The company further described the first phase of its work in a press release: “The Defense Department looks to AI.Reverie to accelerate reconnaissance to the speed required in a contingency environment. The computer vision models that power intelligence-gathering must be trained on data from classified locations and hard-to-reach places … AI.Reverie’s synthetic data platform … [generates] millions of fully annotated, richly diverse images — quickly and at a low cost. AI.Reverie aims to generate images across the electromagnetic spectrum that will empower soldiers to more accurately identify objects and make life-saving decisions.”
The contract closely followed AI.Reverie’s work with CosmiQ Works to release RarePlanes, a dataset containing over tens of thousands of real and synthetic satellite scenes and annotations of different aircraft types. CosmiQ Works, which focuses on creating AI technologies for geospatial applications, was founded in 2015 within In-Q-Tel, an investment firm that connects tech companies with the U.S. intelligence community.
In 2021, AI.Reverie received a contract for the U.S. Air Force Advanced Battle Management System (ABMS), whose goal is to create a network for the military that would provide the technical infrastructure to connect various platforms and sensors. ABMS also aims to apply AI to data from the network to help parse information and aid in decision making.
“We are honored that the Air Force selected AI.Reverie to support its Advance Battle Management System,” Kim said at the time. “We believe that in partnership with AI.Reverie, the Air Force will have a significant opportunity to improve mission critical vision algorithms that ensure military advantage and keep our troops safe.”
Investing in synthetic data
Prior to the acquisition, AI.Reverie, which had attracted $10 million in funding from Compound, In-Q-Tel, Resolute Ventures, SGInnovate, TechNexus and Triphammer Ventures, claimed to have government agencies and Fortune 500 customers in retail, smart cities, industry, and agriculture, including airport simulation, weapons detection, cashier-less shopping, and delivery bots. But Facebook’s play appears to be for the company’s synthetic data generation technology rather than its customer base.
While Facebook hasn’t revealed in detail how — or whether — it uses synthetic data for computer vision, researchers at the company have leveraged synthetic data to train models like M2M-100, which can translate between 100 languages without English data. Synthetic data could be used to improve the performance of computer vision algorithms on Facebook’s platform that detect hate speech, or to develop intelligent assistants in virtual reality (VR) and augmented reality (AR) environments like the social network’s Horizon Worlds.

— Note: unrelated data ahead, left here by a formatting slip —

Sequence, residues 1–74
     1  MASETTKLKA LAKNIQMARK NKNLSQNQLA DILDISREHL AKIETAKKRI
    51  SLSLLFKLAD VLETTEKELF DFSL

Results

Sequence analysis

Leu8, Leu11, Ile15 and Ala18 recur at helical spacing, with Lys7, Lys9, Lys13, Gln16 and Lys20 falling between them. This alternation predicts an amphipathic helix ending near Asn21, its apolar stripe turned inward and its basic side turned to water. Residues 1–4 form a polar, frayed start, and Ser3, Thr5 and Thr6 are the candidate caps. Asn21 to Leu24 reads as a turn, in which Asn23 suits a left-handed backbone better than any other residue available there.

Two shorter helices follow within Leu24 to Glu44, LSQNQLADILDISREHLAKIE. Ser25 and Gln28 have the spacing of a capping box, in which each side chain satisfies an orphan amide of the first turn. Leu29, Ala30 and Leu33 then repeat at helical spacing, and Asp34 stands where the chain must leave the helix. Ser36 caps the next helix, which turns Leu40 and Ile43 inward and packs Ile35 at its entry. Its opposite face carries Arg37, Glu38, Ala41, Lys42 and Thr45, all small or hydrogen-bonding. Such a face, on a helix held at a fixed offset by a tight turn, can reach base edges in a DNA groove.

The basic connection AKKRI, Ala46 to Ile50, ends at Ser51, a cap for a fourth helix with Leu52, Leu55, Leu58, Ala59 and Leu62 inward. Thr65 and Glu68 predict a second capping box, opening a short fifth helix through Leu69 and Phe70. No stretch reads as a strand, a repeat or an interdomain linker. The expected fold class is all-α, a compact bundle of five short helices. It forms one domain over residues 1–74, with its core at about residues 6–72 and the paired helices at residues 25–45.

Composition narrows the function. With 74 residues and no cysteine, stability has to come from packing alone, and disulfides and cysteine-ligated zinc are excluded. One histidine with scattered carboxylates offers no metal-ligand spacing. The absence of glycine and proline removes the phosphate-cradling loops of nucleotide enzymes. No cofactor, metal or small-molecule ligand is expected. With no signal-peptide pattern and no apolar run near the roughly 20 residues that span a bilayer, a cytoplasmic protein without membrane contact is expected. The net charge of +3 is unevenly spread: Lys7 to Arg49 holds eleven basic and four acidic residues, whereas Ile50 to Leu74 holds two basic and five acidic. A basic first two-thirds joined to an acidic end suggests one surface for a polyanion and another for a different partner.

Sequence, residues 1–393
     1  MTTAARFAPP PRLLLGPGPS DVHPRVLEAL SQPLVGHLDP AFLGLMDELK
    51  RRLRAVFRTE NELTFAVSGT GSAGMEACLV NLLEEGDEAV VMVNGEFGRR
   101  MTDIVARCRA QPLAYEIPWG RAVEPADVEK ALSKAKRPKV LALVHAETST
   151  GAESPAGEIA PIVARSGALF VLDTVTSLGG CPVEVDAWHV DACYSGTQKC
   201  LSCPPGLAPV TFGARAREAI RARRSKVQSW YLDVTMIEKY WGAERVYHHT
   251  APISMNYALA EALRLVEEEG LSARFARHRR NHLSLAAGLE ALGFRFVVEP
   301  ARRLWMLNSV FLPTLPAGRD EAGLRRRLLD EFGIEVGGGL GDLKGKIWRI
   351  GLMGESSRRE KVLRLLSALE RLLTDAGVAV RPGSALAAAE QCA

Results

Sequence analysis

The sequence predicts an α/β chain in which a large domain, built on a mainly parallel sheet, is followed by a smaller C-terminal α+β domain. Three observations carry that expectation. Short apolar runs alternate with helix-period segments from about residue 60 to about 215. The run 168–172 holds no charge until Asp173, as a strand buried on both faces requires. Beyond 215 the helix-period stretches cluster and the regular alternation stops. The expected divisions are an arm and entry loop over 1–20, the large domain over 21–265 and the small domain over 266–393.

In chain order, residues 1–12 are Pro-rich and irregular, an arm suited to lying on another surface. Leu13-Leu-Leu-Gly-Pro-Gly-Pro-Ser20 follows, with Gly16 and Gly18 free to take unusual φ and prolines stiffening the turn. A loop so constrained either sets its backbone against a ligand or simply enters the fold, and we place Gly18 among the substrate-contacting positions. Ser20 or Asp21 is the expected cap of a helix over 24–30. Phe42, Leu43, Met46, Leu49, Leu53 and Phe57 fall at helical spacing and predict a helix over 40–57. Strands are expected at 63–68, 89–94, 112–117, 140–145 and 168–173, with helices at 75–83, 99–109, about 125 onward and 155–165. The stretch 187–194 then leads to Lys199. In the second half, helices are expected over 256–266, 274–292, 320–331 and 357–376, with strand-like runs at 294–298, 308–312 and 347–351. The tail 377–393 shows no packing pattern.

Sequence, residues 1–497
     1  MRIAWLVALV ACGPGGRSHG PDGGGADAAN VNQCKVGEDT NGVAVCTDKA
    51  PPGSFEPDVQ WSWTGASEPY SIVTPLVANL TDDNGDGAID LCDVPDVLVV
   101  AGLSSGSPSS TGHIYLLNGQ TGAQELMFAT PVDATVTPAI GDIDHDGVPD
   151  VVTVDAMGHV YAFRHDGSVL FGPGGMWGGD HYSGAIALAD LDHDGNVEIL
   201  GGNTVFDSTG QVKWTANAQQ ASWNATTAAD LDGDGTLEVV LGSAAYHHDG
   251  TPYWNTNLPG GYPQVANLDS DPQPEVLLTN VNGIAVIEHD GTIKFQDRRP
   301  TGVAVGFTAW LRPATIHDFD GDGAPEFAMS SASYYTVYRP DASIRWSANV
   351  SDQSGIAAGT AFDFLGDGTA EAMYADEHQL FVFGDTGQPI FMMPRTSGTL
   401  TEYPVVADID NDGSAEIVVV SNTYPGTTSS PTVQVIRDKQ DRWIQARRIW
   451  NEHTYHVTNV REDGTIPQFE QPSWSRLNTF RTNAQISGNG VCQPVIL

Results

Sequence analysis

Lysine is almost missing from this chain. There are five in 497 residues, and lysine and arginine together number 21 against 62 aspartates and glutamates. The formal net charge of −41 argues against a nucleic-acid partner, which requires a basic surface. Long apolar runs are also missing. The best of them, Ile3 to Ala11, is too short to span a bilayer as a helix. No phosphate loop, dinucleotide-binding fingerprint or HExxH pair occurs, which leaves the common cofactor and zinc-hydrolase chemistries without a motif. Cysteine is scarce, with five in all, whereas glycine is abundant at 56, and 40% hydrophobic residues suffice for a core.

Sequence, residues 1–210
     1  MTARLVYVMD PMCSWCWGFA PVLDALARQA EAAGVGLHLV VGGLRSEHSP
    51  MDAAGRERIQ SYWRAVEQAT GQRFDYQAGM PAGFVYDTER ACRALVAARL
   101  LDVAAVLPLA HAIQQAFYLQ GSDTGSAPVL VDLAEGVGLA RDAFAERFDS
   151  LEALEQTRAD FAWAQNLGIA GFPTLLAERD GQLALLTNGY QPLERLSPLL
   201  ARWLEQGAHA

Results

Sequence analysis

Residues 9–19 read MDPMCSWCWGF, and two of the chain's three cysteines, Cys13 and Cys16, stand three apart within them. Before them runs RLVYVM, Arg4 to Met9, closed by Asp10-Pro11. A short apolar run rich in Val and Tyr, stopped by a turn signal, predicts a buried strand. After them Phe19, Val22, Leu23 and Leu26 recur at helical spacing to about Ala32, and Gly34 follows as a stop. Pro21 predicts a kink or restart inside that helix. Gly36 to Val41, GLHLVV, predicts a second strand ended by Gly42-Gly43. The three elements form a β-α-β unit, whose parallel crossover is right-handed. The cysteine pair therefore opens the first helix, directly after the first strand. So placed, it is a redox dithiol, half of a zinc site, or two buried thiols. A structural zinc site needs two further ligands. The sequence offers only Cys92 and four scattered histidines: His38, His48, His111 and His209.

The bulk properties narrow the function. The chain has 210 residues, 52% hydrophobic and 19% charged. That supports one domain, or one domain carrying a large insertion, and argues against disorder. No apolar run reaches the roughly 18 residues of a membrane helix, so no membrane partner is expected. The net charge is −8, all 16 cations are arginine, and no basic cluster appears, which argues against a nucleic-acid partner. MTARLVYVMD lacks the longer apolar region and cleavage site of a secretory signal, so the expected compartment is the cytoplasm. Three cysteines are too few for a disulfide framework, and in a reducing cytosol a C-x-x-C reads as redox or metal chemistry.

As the pandemic accelerates the trend toward stricter data privacy regulation and governance, synthetic data offers Facebook another advantage: compliance. The company has historically trained computer vision algorithms on videos and images from its products (e.g., Instagram) and other sources, but synthetic data technologies like AI.Reverie’s could lesson Facebook’s reliance on real-world user and third-party data.
In 2020, a Lithuanian company called Planner 5D sued Facebook for reportedly stealing thousands of files from Planner 5D’s software, which were made available through a partnership with Princeton to contestants of Facebook’s 2019 Scene Understanding and Modeling challenge for computer vision researchers. Planner 5D claimed that Princeton, Facebook, and Oculus, Facebook’s VR-focused hardware and software division, could have benefited from the training data that was taken from it.
More recently, a federal judge approved a $650 million class action privacy settlement over Facebook’s use of facial recognition tagging. The lawsuit alleged that the company’s Tag Suggestions tool, which scanned faces in photos and offered suggestions about who people might be, stored biometric data without users’ consent, in violation of Illinois law.
Fifty-one percent of consumers surveyed aren’t comfortable sharing their personal information, according to a Privitar survey. And in a Veritas report, 53% of respondents say they would spend more money with trusted organizations, with 22% saying they would spend up to 25% more with a business that takes data protection seriously.